Shasta Averyhardt made a list of colleges and sent them video resumes of her swing as a high school senior. She didn’t send one to Jackson State. When the head coach of Michigan had a conversation with JSU coach Eddie Payton about Averyhardt, Payton contacted her father to arrange a campus visit.
At the time, Averyhardt didn’t know Jackson State was an HBCU. Coming from Flint, Michigan she was exposed to majority Black schools and just didn’t make the connection.
After her first visit, she was convinced she was not going to Jackson State. But, after making a pros and cons list, JSU rose to the top.
Even after visiting Jackson and touring the campus, it wasn’t until she attended a class called University Success and learned about the rich history of the institution that it dawned on her that JSU was an HBCU – and Averyhardt has promoted HBCUs ever since.
Averyhardt recently spoke with Neely and Bishop of Thee PreGame Show. Watch the full interview here:
Beginnings as a Golfer
Shasta Averyhardt has been a professional golfer since 2009. She was the first African-American golfer on the Ladies Professional Gold Association (LPGA) Tour since 2001 when she qualified in 2011.
Her golf journey began at the age of seven, and she continued developing her love for competition through the junior and amateur ranks where she became a multiple tournament winner.
The Jackson State grad excelled on the course while earning her degree in accounting. She won nine collegiate golf tournaments, including four individual Southwestern Athletic Conference (SWAC) Championships.
Averyhardt credits her HBCU experience with first believing she had a future as a professional golfer. Her “aha” moment came during her sophomore year.
“It was during the SWAC Championship at Dancing Rabbit and I shot a 6 under after two days,” she said. “I ended up getting a notable mention in Golf Week Magazine. When I saw that article and other scores from around the nation, I said ‘I can do this.’ It doesn’t matter where I went to school [at an HBCU], I can shoot a good score.”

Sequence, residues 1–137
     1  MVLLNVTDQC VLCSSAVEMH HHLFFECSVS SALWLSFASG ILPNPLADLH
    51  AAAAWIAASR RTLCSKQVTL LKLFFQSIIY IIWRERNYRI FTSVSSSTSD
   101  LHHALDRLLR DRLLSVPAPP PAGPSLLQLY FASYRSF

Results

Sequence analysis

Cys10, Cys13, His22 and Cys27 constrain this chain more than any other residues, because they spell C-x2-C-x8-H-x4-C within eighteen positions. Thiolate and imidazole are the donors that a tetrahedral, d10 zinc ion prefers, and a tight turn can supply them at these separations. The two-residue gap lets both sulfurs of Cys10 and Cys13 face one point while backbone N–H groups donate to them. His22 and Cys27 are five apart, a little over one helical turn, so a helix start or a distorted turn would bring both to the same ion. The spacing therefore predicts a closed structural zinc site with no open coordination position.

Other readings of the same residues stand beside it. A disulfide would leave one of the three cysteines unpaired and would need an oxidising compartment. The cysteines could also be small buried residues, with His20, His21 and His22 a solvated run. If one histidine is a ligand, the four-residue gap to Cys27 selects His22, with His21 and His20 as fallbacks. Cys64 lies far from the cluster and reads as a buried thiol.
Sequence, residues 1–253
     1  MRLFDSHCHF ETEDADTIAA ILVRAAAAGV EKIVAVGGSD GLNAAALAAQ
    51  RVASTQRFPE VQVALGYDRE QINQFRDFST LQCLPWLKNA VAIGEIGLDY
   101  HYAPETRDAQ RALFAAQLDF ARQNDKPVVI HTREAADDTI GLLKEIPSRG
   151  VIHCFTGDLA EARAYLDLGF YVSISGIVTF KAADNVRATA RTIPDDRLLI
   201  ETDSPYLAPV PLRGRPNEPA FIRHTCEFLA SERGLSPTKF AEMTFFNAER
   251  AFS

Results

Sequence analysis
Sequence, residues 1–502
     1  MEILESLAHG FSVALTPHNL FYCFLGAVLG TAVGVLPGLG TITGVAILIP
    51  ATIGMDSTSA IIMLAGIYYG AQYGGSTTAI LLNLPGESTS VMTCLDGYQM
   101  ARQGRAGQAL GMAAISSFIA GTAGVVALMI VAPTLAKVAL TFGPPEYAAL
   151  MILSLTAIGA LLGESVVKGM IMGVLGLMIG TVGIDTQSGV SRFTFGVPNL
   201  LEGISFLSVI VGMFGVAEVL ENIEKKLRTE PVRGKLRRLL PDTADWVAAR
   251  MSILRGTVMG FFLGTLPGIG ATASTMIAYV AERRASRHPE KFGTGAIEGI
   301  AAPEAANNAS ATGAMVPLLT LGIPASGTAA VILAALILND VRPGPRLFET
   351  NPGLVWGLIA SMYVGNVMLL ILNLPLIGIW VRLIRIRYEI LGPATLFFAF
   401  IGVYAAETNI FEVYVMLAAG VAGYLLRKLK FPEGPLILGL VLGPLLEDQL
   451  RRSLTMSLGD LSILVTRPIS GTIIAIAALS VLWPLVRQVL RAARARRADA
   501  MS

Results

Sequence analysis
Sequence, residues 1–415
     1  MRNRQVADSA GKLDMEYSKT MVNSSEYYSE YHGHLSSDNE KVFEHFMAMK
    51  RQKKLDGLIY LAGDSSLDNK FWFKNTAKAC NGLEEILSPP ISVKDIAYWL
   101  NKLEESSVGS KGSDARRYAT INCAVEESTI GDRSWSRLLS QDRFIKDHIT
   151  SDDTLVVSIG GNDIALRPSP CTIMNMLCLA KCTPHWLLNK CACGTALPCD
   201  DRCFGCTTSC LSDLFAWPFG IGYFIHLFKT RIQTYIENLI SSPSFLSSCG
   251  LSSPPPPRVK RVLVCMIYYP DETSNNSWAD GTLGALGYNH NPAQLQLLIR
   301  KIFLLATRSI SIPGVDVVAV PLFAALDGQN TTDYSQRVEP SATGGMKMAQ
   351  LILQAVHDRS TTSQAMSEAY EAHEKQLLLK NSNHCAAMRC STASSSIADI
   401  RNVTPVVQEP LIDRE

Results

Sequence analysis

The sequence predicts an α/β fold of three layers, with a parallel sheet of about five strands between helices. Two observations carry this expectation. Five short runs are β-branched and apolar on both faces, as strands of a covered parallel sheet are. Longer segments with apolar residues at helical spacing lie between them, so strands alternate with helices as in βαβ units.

The Path to Success
A student of the game, Averyhardt seeks to improve by watching and learning from top golfers – both men and women. She even learned her putting strategy from Jack Nickalaus.
“I read an article on how he reads putts,” she said. “He reads from the hole back to the ball. I tried it and it seemed as if that works better for me. It’s little things like that that help you learn from top players, there’s no ego involved.”
Averyhardt says the path to success has had its challenges and rewards. However, her love for the game is imminent, and she is determined to realize her dream.
Averyhardt decided to step away from the game in 2014. She explored her accounting background as a tax associate at PricewaterhouseCoopers LLP. In her third year at the firm, she realized how much she missed playing on tour.
Transition Back to Golf
During her transition back to tour life, she partnered with Women of Color Golf in 2017, an organization dedicated to increasing diversity and inclusion in golf for women and girls through various opportunities such as instruction, on-course play and networking.
Shasta Averyhardt was inducted into the JSU Sports Hall of Fame In 2018. Her induction speaks volumes, as an accomplished performer in golf. During her professional career, she’s won four mini tour events and qualified for the US Women’s Open. She also competed on the LPGA Symetra Tour and won the 2012 LPGA Symetra Tour Rising Star Award.
She put her distance off the tee to use in 2020 and competed in the Capital Long Drive Classic hosted by the Golf Channel. Averyhardt is currently competing on the LPGA Symetra Tour for the 2021 season.
Averyhardt engages in various panel discussions ranging from women in sports, golf, HBCUs, and health/wellness in between competing. She is currently featured in a Golf Galaxy commercial airing around the country. When she first saw the finished product for the ad, she was ‘pretty excited.’ But, Averyhardt admits she is critical of herself as a golfer at times.
“I’m always going to find some sort of flaw,” she said. “But overall, when I watched it, I was like, ‘Shasta you did a really good job, you should be proud of yourself.’ I love the fact that they gave me the opportunity to do it, and it’s a commercial where I’m myself and not just a talent.”